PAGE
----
In 2019 there was significant negative press and political comment relating to students who had been affected by their rooms not being ready for occupancy and, as a result of that the National Codes agreed, at the request of the Minister of State for Higher Education (following a roundtable with Minister held on student accommodation Monday 28th October 2019) to give this matter a higher profile within the Codes. This resulted in:

a new Protocol relating to new buildings becoming active for summer 2020

  • following the introduction of the Protocol the National Code Coordinator monitored all new buildings falling within the ANUK/Unipol Codes over the summers of 2020 and 2021.
  • working with DLUHC, increased financial compensation for students affected, together with a tightening of the Code provisions and these proposals currently await parliamentary approval but are likely to come into force in January 2022.

These measures have led to considerable improvements. The National Codes also changed its focus from buildings to the number of students affected by late construction. Details of the Protocol and requirements around New and Late Buildings can be found in the Code document

Analysis 2021

60 new buildings were due to come on line in 2021. 5 of those buildings were sufficiently late to re re-timetabled and they will not now come on line until 2022. In 2020 there were 87 new buildings and 15 of those were sufficiently late to not come on line until 2021. These retimed developments affected no students.

The 55 buildings that came on line in 2021 provided 18,579 additional bed spaces. 19 buildings were affected by some delays but only 2,026 students were affected by this, around 10.9% of the total.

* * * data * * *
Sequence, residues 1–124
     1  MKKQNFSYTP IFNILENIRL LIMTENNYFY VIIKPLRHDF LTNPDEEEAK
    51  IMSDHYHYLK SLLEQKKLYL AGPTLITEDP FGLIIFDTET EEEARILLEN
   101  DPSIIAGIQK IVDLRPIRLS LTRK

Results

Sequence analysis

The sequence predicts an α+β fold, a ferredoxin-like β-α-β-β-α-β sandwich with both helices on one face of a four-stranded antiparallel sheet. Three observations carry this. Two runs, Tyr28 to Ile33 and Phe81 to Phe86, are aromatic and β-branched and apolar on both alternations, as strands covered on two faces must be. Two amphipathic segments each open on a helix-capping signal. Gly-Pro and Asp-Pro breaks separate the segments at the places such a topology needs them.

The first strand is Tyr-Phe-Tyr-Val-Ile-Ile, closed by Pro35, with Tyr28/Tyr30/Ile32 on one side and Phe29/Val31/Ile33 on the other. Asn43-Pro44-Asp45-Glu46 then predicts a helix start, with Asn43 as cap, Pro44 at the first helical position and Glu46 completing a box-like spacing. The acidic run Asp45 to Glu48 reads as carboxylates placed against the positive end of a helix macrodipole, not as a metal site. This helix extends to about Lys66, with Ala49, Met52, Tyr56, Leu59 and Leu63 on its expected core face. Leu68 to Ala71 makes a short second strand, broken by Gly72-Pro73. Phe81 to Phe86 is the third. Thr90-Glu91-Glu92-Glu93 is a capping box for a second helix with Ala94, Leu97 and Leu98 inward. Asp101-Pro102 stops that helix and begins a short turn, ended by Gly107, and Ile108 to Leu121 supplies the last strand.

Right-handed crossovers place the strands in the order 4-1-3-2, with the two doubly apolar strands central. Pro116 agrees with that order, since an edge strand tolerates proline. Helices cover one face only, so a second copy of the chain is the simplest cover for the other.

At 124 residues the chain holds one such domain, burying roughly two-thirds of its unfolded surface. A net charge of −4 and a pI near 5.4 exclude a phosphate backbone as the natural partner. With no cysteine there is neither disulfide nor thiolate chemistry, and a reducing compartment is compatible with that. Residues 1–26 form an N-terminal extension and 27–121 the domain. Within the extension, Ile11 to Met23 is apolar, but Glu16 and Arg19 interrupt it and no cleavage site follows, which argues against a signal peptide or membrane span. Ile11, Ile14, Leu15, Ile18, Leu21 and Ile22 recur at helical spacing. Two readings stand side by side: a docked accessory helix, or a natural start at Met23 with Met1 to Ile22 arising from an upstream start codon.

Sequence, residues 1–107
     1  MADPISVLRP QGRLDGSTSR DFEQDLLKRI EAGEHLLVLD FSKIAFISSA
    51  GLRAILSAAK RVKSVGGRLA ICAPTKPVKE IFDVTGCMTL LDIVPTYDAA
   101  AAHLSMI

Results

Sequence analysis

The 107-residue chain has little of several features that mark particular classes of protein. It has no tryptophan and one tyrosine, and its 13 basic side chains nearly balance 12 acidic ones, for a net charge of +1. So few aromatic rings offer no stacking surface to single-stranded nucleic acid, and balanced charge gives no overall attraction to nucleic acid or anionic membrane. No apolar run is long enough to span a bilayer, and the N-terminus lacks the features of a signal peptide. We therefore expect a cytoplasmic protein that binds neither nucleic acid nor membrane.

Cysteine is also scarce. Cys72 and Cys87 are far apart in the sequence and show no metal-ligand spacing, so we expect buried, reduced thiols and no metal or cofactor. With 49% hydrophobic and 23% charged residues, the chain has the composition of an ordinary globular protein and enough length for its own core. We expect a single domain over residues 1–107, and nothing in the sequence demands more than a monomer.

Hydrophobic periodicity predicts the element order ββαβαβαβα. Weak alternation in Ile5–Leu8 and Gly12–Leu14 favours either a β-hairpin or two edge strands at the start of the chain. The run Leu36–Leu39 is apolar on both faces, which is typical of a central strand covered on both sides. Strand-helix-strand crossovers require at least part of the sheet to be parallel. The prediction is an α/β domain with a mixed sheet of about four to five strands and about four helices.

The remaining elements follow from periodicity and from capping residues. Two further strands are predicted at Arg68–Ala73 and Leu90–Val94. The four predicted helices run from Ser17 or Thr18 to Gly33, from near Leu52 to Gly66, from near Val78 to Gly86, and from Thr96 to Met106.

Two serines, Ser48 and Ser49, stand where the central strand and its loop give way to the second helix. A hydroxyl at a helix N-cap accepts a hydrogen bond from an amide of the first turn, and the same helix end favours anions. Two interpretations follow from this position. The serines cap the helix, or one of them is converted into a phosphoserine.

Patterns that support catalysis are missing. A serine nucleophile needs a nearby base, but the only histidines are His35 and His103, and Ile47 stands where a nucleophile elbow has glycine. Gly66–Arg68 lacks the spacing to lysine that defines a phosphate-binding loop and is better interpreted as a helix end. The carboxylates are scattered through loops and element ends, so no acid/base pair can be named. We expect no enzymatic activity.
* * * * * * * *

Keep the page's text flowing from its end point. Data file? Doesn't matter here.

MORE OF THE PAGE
In 2020 of the 72 buildings that opened with 21,299 bed spaces, 22 were affected by delays and 2,132 students were directly affected, 10 of the total.


Although Unipol does not keep central figures on new buildings falling under the UniversitiesUK Code, the general impression is that almost all new buildings, providing additional bed spaces, fall under the Private Providers Code. Where universities are undertaking some limited development this often involved refurbishing and replacing existing stock.

The new development pipeline has slightly slowed in both 2020 and 2021 coming down from around 25,000 bed spaces in 2019, to 21,000 in 2020 to 19,000 in 2020 (figures rounded to the nearest 1,000). In 2022 this is likely to rise to around 25,000 additional bed spaces.

Although supply issues, Covid infections and rising costs have been experienced, 2021 has seen most building delivered on time.

Communication with students has improved with the vast majority of students being informed as soon as a problem was detected. Only a handful of building delays took students by surprise.

Regulatory compliance is checked as soon as a building comes on line and all buildings were compliant.

Financial compensation offered to students for inconvenience has also improved, many companies basing this on the forthcoming provisions of the new National Code for 2022.